I felt the Columns close —
The Earth reversed her Hemispheres —
I touched the Universe —
And back it slid — and I alone —
A Speck upon a Ball —
Went out upon Circumference —
Beyond the Dip of Bell —
Fr633 (1863) J378
This abstract and provocative poem is difficult. At first I was tempted to read it, as Sharon Cameron suggests ("Dickinson's Fascicles", The Emily Dickinson Handbook), as the rather apocalyptic consequence of the previous poem – To lose One's faith – surpass' – where the loss of Faith results in 'Being's Beggary –'. Both Cameron and Helen Vendler (Dickinson: Selected Poems and Commentaries) interpret this poem as a spiritual crisis where the speaker has somehow ventured beyond Christian salvation.
Yet the more I read it the more I hear an epiphany told with wonder and awe.
In the first two lines we see the Heavens 'stitched', reminiscent of the vanishing circus tent in 'I've known a Heaven, like a Tent –' (Fr 257). The very columns of the sky have closed. The speaker feels them close – a more visceral sense of denial than had she merely watched. In addition to this utter barrior to heaven, Earth itself reverses her hemispheres. What was north becomes disorientingly south; east becomes west.
The speaker reaches out, then, to touch the Universe. It is almost a whispered moment in the poem: The stanza break after 'I touched the Universe –', along with the dash, gives a visual and reading pause before the majestic, even magical, 'And back it slid –'. Unlike the closing of the heavens and the shifting of the earth, the Universe slides open as if it were a door and she had triggered a secret latch.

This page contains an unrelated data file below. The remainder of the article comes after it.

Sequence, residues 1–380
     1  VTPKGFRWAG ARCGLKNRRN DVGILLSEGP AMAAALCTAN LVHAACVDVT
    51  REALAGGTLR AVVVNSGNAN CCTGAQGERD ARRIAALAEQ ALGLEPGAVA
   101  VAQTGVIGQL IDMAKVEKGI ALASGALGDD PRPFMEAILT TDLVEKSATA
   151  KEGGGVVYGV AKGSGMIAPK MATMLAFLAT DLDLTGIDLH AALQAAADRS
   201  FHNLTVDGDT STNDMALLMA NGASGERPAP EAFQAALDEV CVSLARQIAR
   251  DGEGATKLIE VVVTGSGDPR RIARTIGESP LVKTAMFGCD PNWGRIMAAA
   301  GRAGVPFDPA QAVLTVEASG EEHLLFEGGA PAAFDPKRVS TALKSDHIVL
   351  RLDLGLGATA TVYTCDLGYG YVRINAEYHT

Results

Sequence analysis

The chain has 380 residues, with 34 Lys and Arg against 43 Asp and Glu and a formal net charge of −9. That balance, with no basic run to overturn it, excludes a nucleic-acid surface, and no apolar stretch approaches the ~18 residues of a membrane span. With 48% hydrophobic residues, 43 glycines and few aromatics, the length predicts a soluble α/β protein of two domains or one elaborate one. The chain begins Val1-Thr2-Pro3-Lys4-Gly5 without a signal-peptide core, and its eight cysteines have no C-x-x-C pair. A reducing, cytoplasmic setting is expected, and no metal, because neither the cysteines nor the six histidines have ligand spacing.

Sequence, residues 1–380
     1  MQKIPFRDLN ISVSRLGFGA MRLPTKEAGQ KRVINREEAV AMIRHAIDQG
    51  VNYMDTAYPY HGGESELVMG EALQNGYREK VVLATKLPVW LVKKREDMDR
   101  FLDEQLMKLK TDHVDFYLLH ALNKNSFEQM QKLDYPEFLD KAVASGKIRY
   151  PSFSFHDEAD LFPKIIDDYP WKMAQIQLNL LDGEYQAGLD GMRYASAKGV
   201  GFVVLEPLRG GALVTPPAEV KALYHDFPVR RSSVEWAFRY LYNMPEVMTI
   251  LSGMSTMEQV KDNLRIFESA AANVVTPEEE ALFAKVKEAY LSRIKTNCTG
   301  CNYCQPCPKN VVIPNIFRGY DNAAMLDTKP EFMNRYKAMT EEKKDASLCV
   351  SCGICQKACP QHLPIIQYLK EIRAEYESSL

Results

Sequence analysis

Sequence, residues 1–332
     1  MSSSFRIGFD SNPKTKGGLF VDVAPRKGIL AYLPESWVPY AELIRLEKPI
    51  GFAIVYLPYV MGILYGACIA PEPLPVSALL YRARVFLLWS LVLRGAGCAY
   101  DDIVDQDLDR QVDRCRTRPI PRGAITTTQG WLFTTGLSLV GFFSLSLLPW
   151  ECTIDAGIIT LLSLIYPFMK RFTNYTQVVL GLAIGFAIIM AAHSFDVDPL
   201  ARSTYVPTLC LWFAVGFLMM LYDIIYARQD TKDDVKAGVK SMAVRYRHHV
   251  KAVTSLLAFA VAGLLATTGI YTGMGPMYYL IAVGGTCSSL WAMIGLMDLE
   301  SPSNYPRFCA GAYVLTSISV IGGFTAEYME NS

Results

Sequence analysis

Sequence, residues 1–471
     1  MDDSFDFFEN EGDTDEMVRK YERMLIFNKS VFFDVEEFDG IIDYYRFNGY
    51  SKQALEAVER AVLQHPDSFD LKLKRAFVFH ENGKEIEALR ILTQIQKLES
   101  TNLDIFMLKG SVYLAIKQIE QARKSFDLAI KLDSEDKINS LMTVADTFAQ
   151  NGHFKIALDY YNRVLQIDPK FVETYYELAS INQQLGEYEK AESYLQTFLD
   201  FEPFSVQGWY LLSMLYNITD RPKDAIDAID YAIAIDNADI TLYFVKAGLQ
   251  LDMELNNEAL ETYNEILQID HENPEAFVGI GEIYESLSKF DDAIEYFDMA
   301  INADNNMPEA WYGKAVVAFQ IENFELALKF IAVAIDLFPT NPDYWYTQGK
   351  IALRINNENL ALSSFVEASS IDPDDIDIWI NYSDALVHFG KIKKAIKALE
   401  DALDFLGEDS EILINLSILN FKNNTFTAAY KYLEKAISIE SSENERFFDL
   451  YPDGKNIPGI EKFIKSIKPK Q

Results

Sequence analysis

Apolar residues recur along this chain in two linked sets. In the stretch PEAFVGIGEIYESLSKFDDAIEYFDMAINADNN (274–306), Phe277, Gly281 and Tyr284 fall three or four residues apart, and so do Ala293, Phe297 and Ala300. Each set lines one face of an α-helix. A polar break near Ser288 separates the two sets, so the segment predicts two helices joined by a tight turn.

In the epiphany that follows, the speaker finds herself a 'Speck upon a Ball', alone in unfathomable space. This perspective may seem familiar to us, conversant as we are with a cosmology that emphasizes the smallness of our blue-marble earth against the great emptiness of space, but to experience such vast, displacing loneliness in a feeling way, not an intellectual way, would be compelling, if not profoundly terrifying, to anyone.
The speaker, though, is fearless or enthralled or perhaps both. She doesn't quail, but ventures out on Circumference – the liminal edge between the familiar and the transcendent, far beyond the call of church bells. This may be what it takes to be a great poet or philosopher or mystic: the willingness to see, to go beyond limits and the bonds of church and home, and then to tell – using parable, equation, or poetry when quotidian language fails.